Despite the natural wealth of the region, poverty is widespread; Andalusian farm laborers are among the poorest in Europe, and many unemployed Andalusians have migrated to more industrialized regions of Spain. With its subtropical climate, Andalusia has many affinities with Africa, which it faces. Barren lands contrast with richly fertile regions where cereals, grapes, olives, sugarcane, and citrus and other fruits are produced. Industries, based generally on local agricultural produce, include wine making, flour milling, and olive-oil extracting. Much farming has become mechanized. Cattle, bulls for the ring, and fine horses are bred. The rich mineral resources, exploited since Phoenician and Roman times, include copper, iron, zinc, and lead.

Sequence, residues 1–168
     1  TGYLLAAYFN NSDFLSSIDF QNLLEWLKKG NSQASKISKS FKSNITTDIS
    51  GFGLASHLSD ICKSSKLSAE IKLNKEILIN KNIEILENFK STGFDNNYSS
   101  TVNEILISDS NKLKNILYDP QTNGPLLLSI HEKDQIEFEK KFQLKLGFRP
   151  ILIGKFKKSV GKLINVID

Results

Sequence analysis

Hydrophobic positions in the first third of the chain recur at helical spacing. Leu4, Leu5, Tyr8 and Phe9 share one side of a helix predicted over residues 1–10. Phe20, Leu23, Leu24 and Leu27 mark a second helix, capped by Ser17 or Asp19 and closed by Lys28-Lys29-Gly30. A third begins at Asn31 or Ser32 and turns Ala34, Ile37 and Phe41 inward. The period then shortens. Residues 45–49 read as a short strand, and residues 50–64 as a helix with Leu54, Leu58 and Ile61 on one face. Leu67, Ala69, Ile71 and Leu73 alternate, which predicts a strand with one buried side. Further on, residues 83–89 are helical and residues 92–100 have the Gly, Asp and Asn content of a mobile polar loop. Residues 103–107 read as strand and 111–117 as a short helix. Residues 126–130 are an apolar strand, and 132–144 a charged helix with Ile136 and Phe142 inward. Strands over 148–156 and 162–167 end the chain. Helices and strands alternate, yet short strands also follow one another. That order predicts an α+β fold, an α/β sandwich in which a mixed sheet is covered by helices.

Moorish influence is still strong in the character, language, and customs of the people. One of Europe's most strikingly colorful regions, Andalusia, with its tradition of bull fights, flamenco music and dance, and Moorish architecture, provides the strongest external image of Spain, especially to North Americans. Increasing tourism has made the service industry the fastest growing economic sector.
The Columbia Electronic Encyclopedia, 6th ed. Copyright © 2012, Columbia University Press. All rights reserved.